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Rumsfeld in Vietnam to Meet With Leaders, See MIA-Recovery Efforts

By Kathleen T. Rhem
American Forces Press Service

WASHINGTON, June 4, 2006 – Defense Secretary Donald H. Rumsfeld arrived here this evening to meet with Vietnamese leaders on a host of issues and to visit a U.S. team painstakingly investigating the whereabouts of the nearly 2,000 American servicemembers still unaccounted for from the Vietnam War.

Click photo for screen-resolution image
Defense Secretary Donald H. Rumsfeld speaks with Maj. Gen. Phan Thanh Lan, director, External Relations Department, after being welcomed to Vietnam, June 4. Photo by Petty Officer 1st Class Chad J. McNeeley, USN
  

(Click photo for screen-resolution image)

"We appreciate what (the Vietnamese) do with respect to missing-in-action activities, and I'll be having lunch with the U.S. team that works that set of issues, which, of course, are important to us," Rumsfeld said aboard the airplane flying him here from Singapore, where he had been attending a meeting of defense ministers from Asian and Pacific countries.

The United States and Vietnam have a developing military-to-military relationship, the secretary said. He stressed that ties should improve gradually, at a rate that's comfortable for both countries. Four U.S. Navy ships have made port calls in Vietnam over the past four years, and two Vietnamese servicemembers will attend a U.S. military school in Texas starting later this month under the International Military Education and Training program.

This is Rumsfeld's fourth visit to Vietnam, but his first as defense secretary. He visited the country twice in the mid-1960s as a congressman from Illinois, and again in 1995 as a private citizen.

The secretary refused to speculate on what relationships between the two countries might look like in five years.

"The relationship ought to go where the two countries want it to go, and it has to be comfortable for both countries," he said. "And for me to be laying out a five-year plan unilaterally isn't helpful."

Since the normalization of relations between the U.S. and Vietnam 11 years ago, the two countries have made steady progress in cooperation. Then-Defense Secretary William Cohen visited the country in March 2000, and President Clinton visited in November 2000. More recently, Vietnamese Minister of National Defense Pham Van Tra visited Washington in late 2003. Rumsfeld said his visit here this week is a result of an invitation Tra extended when the two men met in 2003.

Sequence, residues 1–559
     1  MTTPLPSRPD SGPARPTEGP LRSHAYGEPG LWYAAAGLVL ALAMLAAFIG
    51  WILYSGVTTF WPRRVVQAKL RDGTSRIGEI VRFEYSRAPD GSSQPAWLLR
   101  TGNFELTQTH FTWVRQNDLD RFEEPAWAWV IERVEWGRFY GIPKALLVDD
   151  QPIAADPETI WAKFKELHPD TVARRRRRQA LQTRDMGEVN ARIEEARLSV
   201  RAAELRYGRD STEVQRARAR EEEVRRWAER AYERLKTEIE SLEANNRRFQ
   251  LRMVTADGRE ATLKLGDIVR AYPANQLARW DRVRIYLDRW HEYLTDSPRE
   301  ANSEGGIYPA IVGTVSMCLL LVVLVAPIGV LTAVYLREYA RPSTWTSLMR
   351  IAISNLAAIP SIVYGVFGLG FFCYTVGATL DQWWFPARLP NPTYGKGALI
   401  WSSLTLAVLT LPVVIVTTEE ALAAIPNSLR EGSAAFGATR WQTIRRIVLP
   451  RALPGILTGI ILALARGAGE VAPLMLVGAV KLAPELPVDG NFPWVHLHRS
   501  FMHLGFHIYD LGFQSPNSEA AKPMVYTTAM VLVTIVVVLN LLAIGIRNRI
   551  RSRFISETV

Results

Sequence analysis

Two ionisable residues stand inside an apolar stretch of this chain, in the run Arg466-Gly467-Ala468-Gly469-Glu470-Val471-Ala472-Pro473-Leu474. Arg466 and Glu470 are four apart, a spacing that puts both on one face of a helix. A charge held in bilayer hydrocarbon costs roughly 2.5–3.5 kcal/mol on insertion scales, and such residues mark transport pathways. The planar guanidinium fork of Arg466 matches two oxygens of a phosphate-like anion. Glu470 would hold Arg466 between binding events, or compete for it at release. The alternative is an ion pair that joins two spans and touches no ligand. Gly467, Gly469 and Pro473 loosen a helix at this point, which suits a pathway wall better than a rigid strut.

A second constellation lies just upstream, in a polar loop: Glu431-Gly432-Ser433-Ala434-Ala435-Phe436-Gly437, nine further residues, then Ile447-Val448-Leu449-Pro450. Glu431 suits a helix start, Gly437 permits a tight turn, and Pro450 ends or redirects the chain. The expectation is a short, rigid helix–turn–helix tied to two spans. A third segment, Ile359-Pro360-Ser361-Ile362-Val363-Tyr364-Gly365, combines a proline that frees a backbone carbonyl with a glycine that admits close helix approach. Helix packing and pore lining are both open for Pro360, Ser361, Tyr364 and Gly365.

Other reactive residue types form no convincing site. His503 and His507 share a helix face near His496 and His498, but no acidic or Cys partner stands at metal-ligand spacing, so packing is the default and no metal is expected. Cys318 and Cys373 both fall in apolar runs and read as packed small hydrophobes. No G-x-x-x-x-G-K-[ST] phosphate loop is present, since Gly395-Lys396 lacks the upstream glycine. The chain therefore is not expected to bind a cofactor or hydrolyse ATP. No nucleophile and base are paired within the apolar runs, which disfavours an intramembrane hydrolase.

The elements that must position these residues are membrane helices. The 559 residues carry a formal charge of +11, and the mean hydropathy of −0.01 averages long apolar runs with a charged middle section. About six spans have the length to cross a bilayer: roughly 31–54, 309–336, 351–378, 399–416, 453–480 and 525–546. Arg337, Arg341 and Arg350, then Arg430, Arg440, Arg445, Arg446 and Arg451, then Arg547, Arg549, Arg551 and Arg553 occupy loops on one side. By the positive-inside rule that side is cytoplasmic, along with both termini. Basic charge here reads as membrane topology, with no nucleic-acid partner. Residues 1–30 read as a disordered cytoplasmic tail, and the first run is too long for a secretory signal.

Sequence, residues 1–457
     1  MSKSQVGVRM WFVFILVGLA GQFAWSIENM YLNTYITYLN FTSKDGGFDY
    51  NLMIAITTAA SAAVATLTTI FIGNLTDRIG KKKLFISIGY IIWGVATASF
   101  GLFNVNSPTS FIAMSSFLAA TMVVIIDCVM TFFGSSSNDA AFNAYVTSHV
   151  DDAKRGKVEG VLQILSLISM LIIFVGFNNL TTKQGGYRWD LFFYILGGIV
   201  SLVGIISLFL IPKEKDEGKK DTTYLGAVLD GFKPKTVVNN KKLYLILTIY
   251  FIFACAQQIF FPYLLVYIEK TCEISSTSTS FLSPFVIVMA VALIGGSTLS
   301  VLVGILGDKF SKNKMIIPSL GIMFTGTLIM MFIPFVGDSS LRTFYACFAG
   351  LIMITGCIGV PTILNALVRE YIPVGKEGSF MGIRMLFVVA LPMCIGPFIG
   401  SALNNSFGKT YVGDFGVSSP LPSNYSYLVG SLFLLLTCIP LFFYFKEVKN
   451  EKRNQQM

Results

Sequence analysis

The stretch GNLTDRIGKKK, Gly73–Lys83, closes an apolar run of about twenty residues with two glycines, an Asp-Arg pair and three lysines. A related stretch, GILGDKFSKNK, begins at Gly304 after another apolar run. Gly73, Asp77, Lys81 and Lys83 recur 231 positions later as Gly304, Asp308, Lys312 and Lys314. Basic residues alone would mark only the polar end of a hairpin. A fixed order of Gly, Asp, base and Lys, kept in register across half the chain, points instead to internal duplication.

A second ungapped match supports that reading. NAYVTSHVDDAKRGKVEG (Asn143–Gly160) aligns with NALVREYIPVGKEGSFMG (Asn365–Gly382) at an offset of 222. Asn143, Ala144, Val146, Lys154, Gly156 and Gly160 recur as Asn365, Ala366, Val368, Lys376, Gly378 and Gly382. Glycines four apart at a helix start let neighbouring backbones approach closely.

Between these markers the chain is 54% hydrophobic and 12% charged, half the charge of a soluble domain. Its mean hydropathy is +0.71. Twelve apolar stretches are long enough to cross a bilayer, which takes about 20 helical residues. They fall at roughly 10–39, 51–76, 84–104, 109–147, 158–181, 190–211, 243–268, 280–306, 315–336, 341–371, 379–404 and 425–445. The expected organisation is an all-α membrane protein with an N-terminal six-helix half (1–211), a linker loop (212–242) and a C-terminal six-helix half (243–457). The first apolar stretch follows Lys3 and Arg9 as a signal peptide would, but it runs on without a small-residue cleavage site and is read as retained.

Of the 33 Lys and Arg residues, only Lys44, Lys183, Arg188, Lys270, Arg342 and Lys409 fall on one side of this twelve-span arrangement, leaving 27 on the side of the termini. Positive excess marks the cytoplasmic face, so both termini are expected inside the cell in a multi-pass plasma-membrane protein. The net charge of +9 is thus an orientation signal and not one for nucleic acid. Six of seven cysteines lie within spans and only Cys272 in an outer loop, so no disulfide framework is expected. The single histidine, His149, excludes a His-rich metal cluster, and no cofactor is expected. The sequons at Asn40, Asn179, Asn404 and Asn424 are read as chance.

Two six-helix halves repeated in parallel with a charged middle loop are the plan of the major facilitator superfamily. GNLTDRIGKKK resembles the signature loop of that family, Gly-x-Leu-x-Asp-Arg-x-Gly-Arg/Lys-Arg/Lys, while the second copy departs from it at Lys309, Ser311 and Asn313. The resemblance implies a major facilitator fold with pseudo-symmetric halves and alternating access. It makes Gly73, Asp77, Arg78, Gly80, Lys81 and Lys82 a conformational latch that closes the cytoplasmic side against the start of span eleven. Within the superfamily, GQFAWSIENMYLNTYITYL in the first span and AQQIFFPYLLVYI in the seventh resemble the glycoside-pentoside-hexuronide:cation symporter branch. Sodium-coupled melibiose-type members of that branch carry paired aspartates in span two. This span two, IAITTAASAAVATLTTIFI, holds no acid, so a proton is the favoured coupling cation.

In a major breakthrough, U.S. and Vietnamese officials May 31 signed a trade agreement that ends remaining trade barriers between the two countries. Rumsfeld said this agreement is a major step toward Vietnam being accepted into the World Trade Organization, which is a goal of the country's national government.

"I've been impressed with the Vietnamese people and with their economy. They've got a very good growth rate. They have a sizeable population, and they're industrious," Rumsfeld said today. "And I think it would be a good thing to have them in the WTO."

Recent improved cooperation between the U.S. and Vietnam proved invaluable during relief operations following the December 2004 tsunami in the Indian Ocean. During the tsunami relief efforts, the Vietnamese gave United States aircraft blanket overflight rights, which cut the time it took to get relief to many areas. "It's really very helpful to have relationships like this so that when there is a humanitarian need like that that we're able to do it," Rumsfeld said.

Rumsfeld said he has no set "wish list" of things he'd like to see come out of this visit; his goal here is to further cordial relations with the Vietnamese government. "What we want to see is a relationship between our country and Vietnam evolve in a way that is comfortable to them and comfortable to us," he said. "And it has been doing that over recent years, and I suspect it'll continue along that path."

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Donald H. Rumsfeld


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